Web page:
Hans Niemann files $100m lawsuit after chess cheating claims

The grandmaster is suing world champion Magnus Carlsen and online platform Chess.com, among others.

Hans Niemann, the 19-year-old American grandmaster at the centre of an alleged cheating scandal, is suing world champion Magnus Carlsen, online platform Chess.com and others for slander and libel and is seeking at least $100m in damages.

The lawsuit, filed at a US District Court in Missouri on Thursday, also listed Carlsen’s online chess platform Play Magnus, Chess.com executive Danny Rensch and US grandmaster Hikaru Nakamura as defendants.

Niemann claimed that the defendants are “colluding to blacklist” him from the professional chess world and that he has been shunned by tournament organisers since five-time world champion Carlsen publicly accused him of cheating.

Niemann had previously been banned from Chess.com for cheating online, having admitted he had not played fairly in non-competitive games on the website in his youth but denied any wrongdoing while contesting over-the-board games.

Carlsen’s surprise defeat to Niemann and his subsequent withdrawal from the Sinquefield Cup in St Louis, Missouri in September sparked a furore of comments and allegations, including from Nakamura, that Niemann had cheated.

Weeks after the Sinquefield Cup, Carlsen resigned after just one move against Niemann in an online tournament and said later in September he believed Niemann had “cheated more – and more recently – than he has publicly admitted”.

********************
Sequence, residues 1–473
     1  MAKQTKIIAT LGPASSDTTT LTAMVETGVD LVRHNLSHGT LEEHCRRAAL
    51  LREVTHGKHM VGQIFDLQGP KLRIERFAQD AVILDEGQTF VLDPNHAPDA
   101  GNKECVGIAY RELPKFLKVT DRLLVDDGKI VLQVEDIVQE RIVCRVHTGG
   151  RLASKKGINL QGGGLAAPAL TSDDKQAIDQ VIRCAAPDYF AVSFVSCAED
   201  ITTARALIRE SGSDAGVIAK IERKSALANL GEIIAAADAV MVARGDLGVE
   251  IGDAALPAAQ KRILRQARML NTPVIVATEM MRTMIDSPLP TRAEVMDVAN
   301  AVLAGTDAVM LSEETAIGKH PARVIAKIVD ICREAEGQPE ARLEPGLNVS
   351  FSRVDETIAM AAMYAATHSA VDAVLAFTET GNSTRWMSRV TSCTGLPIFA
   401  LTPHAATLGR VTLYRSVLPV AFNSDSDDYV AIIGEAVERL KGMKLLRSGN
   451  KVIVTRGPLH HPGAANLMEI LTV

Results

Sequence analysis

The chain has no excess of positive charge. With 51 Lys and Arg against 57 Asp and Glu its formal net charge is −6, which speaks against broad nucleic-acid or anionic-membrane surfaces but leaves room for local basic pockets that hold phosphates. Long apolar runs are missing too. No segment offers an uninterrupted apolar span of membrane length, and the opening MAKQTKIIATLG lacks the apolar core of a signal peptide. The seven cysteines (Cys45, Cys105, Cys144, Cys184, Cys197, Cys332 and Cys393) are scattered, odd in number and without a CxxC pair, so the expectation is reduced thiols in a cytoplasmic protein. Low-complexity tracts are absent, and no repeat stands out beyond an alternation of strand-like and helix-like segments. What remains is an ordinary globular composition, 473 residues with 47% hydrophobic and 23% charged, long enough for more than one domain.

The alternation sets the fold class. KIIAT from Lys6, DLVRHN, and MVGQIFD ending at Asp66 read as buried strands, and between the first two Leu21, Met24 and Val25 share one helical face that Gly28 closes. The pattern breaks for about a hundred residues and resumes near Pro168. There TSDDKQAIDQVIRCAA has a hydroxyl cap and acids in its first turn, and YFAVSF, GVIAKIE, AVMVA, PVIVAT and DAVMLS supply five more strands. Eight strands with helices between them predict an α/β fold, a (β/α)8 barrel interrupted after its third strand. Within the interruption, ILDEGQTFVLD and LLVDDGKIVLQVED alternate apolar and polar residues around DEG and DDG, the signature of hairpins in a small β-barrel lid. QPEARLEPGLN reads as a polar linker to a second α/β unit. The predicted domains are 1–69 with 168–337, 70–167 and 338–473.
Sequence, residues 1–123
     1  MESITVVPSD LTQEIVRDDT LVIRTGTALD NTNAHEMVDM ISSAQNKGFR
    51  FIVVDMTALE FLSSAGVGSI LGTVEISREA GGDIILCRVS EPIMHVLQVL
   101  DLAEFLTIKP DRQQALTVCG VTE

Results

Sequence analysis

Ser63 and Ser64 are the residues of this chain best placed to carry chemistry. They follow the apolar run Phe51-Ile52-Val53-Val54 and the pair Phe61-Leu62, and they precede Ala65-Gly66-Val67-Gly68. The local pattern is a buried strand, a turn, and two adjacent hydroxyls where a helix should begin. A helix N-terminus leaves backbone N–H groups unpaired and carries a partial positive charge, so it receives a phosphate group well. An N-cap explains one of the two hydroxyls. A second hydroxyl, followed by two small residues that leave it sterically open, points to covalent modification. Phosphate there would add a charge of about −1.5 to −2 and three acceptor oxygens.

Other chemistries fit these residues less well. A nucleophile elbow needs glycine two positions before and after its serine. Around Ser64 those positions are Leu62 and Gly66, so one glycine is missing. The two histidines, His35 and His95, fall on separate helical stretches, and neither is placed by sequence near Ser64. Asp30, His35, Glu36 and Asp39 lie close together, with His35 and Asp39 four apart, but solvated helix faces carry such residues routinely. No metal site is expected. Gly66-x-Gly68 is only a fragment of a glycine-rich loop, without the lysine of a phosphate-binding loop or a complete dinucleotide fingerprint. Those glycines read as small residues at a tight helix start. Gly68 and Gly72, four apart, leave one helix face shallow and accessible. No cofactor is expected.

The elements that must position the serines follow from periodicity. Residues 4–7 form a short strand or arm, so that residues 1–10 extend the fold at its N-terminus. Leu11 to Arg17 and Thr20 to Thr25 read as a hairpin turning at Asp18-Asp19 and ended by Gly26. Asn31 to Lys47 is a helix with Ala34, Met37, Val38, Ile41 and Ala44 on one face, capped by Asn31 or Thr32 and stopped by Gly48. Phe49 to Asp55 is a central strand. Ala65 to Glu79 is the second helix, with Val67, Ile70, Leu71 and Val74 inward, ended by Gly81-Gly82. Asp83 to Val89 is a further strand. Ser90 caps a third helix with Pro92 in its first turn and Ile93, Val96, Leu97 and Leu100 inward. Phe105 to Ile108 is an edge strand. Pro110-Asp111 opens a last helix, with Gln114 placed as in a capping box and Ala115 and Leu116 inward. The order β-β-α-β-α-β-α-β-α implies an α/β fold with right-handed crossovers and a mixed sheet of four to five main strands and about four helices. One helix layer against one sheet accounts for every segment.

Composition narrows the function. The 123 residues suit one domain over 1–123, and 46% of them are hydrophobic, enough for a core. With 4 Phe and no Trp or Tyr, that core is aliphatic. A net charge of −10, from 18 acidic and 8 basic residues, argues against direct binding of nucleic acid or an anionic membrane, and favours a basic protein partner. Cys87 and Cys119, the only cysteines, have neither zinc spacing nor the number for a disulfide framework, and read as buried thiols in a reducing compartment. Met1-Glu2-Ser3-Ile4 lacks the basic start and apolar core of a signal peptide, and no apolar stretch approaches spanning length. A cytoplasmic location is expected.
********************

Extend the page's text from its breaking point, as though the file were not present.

In a statement on Thursday, lawyers for Chess.com said there was no merit to Niemann’s allegations and that the company was saddened by his decision to take legal action.

“Hans confessed publicly to cheating online in the wake of the Sinquefield Cup, and the resulting fallout is of his own making,” the statement read.

“Chess.com looks forward to setting the record straight on behalf of its team and all honest chess players.”

Chess.com banned Niemann after the first match against Carlsen and published a report earlier this month that said he had likely cheated more than 100 times in online games.

Niemann’s lawsuit said that Chess.com banned him “from its website and all of its future events to lend credence to Carlsen’s unsubstantiated and defamatory accusations of cheating”.

“Carlsen, having solidified his position as the ‘King of Chess,’ believes that when it comes to chess, he can do whatever he wants and get away with it,” the complaint added.

The lawsuit further accused Nakamura, a streaming partner of Chess.com, of publishing “hours of video content amplifying and attempting to bolster Carlsen’s false cheating allegations”.

The International Chess Federation (FIDE) said it would open an investigation into the allegations of cheating last month.

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